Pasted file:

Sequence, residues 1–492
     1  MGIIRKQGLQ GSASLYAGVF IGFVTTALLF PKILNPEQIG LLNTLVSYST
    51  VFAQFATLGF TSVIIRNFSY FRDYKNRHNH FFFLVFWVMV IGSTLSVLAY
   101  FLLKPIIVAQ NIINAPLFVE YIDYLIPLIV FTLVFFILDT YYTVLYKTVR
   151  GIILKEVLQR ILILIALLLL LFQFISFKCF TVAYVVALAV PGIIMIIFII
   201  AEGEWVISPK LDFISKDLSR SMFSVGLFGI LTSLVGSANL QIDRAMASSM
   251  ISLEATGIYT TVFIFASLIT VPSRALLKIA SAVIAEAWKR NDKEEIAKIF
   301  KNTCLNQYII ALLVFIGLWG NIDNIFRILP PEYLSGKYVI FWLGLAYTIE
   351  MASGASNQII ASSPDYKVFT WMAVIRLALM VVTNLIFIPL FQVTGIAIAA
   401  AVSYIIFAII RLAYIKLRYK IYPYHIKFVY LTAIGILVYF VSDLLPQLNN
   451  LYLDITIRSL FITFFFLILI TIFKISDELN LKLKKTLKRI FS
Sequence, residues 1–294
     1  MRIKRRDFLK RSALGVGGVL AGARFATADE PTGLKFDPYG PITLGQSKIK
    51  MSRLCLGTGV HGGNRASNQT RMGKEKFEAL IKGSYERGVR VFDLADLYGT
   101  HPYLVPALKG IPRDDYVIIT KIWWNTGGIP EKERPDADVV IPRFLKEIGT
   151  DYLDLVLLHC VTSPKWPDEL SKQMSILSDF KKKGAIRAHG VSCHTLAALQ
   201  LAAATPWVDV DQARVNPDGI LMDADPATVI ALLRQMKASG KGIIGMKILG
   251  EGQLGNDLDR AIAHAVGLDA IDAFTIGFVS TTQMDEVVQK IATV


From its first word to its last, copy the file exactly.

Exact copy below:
Sequence, residues 1–492
     1  MGIIRKQGLQ GSASLYAGVF IGFVTTALLF PKILNPEQIG LLNTLVSYST
    51  VFAQFATLGF TSVIIRNFSY FRDYKNRHNH FFFLVFWVMV IGSTLSVLAY
   101  FLLKPIIVAQ NIINAPLFVE YIDYLIPLIV FTLVFFILDT YYTVLYKTVR
   151  GIILKEVLQR ILILIALLLL LFQFISFKCF TVAYVVALAV PGIIMIIFII
   201  AEGEWVISPK LDFISKDLSR SMFSVGLFGI LTSLVGSANL QIDRAMASSM
   251  ISLEATGIYT TVFIFASLIT VPSRALLKIA SAVIAEAWKR NDKEEIAKIF
   301  KNTCLNQYII ALLVFIGLWG NIDNIFRILP PEYLSGKYVI FWLGLAYTIE
   351  MASGASNQII ASSPDYKVFT WMAVIRLALM VVTNLIFIPL FQVTGIAIAA
   401  AVSYIIFAII RLAYIKLRYK IYPYHIKFVY LTAIGILVYF VSDLLPQLNN
   451  LYLDITIRSL FITFFFLILI TIFKISDELN LKLKKTLKRI FS
Sequence, residues 1–294
     1  MRIKRRDFLK RSALGVGGVL AGARFATADE PTGLKFDPYG PITLGQSKIK
    51  MSRLCLGTGV HGGNRASNQT RMGKEKFEAL IKGSYERGVR VFDLADLYGT
   101  HPYLVPALKG IPRDDYVIIT KIWWNTGGIP EKERPDADVV IPRFLKEIGT
   151  DYLDLVLLHC VTSPKWPDEL SKQMSILSDF KKKGAIRAHG VSCHTLAALQ
   201  LAAATPWVDV DQARVNPDGI LMDADPATVI ALLRQMKASG KGIIGMKILG
   251  EGQLGNDLDR AIAHAVGLDA IDAFTIGFVS TTQMDEVVQK IATV